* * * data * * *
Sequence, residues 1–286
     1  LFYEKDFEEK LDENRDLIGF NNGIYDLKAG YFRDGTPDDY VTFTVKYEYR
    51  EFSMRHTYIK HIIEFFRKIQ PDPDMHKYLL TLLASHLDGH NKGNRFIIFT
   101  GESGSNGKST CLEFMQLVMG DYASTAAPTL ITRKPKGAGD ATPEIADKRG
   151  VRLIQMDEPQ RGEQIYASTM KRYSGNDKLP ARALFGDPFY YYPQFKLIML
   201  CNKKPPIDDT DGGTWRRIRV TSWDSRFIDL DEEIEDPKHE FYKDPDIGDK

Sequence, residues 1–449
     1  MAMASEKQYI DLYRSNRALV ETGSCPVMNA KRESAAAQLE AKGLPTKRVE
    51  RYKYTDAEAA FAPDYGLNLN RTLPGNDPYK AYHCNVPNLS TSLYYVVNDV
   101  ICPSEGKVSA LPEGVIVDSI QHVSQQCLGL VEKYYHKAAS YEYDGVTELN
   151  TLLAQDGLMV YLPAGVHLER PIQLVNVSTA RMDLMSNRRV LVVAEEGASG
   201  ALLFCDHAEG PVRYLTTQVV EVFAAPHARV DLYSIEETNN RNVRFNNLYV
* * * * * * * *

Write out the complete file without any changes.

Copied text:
Sequence, residues 1–286
     1  LFYEKDFEEK LDENRDLIGF NNGIYDLKAG YFRDGTPDDY VTFTVKYEYR
    51  EFSMRHTYIK HIIEFFRKIQ PDPDMHKYLL TLLASHLDGH NKGNRFIIFT
   101  GESGSNGKST CLEFMQLVMG DYASTAAPTL ITRKPKGAGD ATPEIADKRG
   151  VRLIQMDEPQ RGEQIYASTM KRYSGNDKLP ARALFGDPFY YYPQFKLIML
   201  CNKKPPIDDT DGGTWRRIRV TSWDSRFIDL DEEIEDPKHE FYKDPDIGDK

Sequence, residues 1–449
     1  MAMASEKQYI DLYRSNRALV ETGSCPVMNA KRESAAAQLE AKGLPTKRVE
    51  RYKYTDAEAA FAPDYGLNLN RTLPGNDPYK AYHCNVPNLS TSLYYVVNDV
   101  ICPSEGKVSA LPEGVIVDSI QHVSQQCLGL VEKYYHKAAS YEYDGVTELN
   151  TLLAQDGLMV YLPAGVHLER PIQLVNVSTA RMDLMSNRRV LVVAEEGASG
   201  ALLFCDHAEG PVRYLTTQVV EVFAAPHARV DLYSIEETNN RNVRFNNLYV